Images of America
By Kathryn Parker
A book review by Ginger Dawn Harman
While doing my monthly Costco run, I was thrilled to see that a local author was doing a book signing. I am not a frequent reader of American history and it is not a personal favorite genre that I tend to buy. However, I purchased this book and met author Kathryn Parker. At first, I believe that I might have intimidated the author because I introduced myself as a regular reader and book reviewer. Next, I challenged her to sell me her book in two minutes without opening or telling me anything from the back description. She was silent at first and I immediately realized how I put her not only one the spot but probably shocked her a bit. Nevertheless, Kathryn Parker proceeded with my challenge. First she told me how long the book was researched. Ten years of scanning local archives and various meetings with historians. Next, she told me of a woman that was featured in the book. Not a famous local that one can read about in a history book but one that was equally interesting and was a bit of a futurist path maker for many woman in America.
As I began to read the book I was immediately hooked. Each photo gave a story as if written much like a flash fiction. Furthermore, I liked how each section of the book was divided into topics and not a timeline by date. This mix of newer and older history kept my interest and to my surprise, I finished the book in two days. I particularly enjoyed reading about the local industry. I have heard stories about how one could smell apple cider in the air during the fall harvest. Yet, when I saw the photo on page 69. I was shocked at how many apples were harvested and to see the photo of 4.7 million bushels of apples during the 1982 harvest was amazing. Moreover, I had no idea that Winchester was the hub of women’s education beginning in 1854 with the Valley Female Institute. The most fascinating woman that I read about was Bertha Von Hillern. A speed and endurance walker that lived in Winchester. She earned more money than most Americans would earn in a two year period.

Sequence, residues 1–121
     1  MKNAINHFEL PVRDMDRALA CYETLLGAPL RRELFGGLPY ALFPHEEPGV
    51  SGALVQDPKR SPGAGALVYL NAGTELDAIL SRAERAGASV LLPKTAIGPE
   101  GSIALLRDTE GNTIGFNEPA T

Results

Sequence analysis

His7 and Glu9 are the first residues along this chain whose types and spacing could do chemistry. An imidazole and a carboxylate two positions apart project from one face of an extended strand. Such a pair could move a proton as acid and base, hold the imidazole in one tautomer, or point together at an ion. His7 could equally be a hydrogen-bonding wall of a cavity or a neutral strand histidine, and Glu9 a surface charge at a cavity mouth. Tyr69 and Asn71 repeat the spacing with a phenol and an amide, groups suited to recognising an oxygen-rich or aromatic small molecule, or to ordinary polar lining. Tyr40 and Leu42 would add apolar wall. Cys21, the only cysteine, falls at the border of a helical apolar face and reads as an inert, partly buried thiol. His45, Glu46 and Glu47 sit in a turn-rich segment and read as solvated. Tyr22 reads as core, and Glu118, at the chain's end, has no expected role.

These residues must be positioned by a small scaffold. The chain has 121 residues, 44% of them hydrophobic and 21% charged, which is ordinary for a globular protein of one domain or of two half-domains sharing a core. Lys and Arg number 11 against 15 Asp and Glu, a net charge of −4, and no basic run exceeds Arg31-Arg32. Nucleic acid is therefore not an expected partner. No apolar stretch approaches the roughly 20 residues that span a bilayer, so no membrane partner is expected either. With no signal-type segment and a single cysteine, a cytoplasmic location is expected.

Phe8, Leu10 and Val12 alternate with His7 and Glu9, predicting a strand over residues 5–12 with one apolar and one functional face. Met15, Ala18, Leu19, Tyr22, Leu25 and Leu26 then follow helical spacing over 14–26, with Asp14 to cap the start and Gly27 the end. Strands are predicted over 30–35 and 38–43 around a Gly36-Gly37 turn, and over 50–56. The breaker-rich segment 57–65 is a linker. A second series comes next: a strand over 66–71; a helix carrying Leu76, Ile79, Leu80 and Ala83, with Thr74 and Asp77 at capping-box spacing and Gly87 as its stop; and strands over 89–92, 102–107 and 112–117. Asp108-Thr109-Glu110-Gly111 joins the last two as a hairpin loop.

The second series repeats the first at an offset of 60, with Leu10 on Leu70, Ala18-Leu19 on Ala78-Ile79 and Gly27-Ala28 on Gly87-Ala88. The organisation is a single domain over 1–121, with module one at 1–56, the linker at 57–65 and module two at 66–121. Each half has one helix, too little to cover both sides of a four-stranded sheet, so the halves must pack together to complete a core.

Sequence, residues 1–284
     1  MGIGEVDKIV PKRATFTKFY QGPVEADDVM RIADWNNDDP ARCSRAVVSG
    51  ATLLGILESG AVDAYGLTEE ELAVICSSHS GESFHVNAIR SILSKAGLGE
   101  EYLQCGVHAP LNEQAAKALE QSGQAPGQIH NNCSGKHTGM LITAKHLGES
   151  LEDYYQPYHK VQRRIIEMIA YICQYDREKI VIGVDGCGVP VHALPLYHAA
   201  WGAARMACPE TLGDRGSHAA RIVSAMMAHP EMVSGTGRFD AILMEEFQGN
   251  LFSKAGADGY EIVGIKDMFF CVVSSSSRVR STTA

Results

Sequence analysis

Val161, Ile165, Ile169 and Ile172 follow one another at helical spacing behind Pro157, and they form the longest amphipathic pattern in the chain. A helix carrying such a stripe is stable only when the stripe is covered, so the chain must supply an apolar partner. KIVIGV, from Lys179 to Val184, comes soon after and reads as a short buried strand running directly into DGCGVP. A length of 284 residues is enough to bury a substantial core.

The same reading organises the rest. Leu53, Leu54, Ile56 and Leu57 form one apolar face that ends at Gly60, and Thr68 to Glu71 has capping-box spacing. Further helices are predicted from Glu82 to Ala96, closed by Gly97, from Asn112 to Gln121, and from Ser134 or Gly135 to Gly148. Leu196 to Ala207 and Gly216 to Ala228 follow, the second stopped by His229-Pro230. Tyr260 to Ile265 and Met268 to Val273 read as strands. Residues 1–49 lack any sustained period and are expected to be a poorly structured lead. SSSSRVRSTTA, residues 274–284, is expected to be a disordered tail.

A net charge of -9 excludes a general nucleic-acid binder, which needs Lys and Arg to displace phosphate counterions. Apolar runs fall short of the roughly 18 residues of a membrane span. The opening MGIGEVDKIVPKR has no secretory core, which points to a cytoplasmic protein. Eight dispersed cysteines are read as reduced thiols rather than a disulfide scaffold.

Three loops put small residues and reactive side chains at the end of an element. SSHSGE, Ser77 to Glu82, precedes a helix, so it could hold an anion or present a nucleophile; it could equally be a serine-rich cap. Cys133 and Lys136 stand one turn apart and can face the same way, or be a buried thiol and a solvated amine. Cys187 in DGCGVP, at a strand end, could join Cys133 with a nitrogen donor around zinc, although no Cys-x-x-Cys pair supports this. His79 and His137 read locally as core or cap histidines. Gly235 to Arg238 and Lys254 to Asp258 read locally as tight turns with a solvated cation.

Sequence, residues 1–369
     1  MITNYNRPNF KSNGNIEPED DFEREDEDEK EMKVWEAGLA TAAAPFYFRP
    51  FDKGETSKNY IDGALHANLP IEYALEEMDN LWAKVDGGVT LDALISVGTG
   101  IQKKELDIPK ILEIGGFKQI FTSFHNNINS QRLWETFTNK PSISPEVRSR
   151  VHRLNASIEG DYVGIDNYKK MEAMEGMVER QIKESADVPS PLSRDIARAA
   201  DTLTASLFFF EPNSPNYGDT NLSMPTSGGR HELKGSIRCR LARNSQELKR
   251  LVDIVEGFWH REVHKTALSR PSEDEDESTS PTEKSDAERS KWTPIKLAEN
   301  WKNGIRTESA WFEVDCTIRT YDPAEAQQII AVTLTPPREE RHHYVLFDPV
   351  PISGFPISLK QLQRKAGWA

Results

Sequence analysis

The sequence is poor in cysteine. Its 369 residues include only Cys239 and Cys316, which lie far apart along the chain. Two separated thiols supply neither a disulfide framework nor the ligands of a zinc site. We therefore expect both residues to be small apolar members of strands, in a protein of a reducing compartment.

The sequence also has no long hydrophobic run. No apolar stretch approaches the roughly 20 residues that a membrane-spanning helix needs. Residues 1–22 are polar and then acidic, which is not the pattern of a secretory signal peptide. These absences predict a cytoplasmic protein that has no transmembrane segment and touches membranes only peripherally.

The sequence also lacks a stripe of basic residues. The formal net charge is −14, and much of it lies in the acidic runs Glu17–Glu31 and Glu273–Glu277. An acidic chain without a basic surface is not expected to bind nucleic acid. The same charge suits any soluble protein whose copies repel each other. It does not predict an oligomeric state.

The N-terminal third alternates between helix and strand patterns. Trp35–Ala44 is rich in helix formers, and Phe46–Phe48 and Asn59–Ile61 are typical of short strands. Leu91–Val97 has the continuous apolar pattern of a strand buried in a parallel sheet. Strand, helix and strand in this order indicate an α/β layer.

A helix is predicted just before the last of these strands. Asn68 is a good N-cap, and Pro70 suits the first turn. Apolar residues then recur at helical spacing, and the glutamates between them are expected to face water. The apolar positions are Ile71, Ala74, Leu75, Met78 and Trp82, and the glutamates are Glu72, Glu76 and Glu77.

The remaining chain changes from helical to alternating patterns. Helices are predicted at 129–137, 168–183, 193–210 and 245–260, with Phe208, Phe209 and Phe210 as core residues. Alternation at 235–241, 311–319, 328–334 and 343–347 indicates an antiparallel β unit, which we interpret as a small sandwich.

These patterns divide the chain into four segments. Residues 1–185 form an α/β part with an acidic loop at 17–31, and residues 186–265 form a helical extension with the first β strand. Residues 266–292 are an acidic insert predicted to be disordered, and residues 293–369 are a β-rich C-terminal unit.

One will also enjoy the section of the Civil War photos with Stonewall Jackson, Gen. Custer, and Judge Richard Parker. The author, a genealogist by trade, provides a bibliography in the back and index for quick reference. The book cover has great appeal with a sepia tone and I like how the author’s name does not overtake the front cover. The price point is also very appropriate for the length and type of book. The only fault that I found in this book is that I wanted more. I wanted to have more of a glimpse into many of the people featured in the book. For example, I wanted to learn more about the spy Thomas Laws who carried tinfoil information to Rebecca Write during the war. Katherine Glass also captured my curiosity. In fairness, I believe the author did this on purpose.
I learned that she works at the Handley Library and we all know how these seeds can be placed in a book to sprout or encourage a reader to learn more. For that reason alone makes this book a five star! Any author that can create this passion to learn more has achieved a greater gift than just telling a story. I give my highest recommendation for Winchester, Images of America by Kathryn Parker.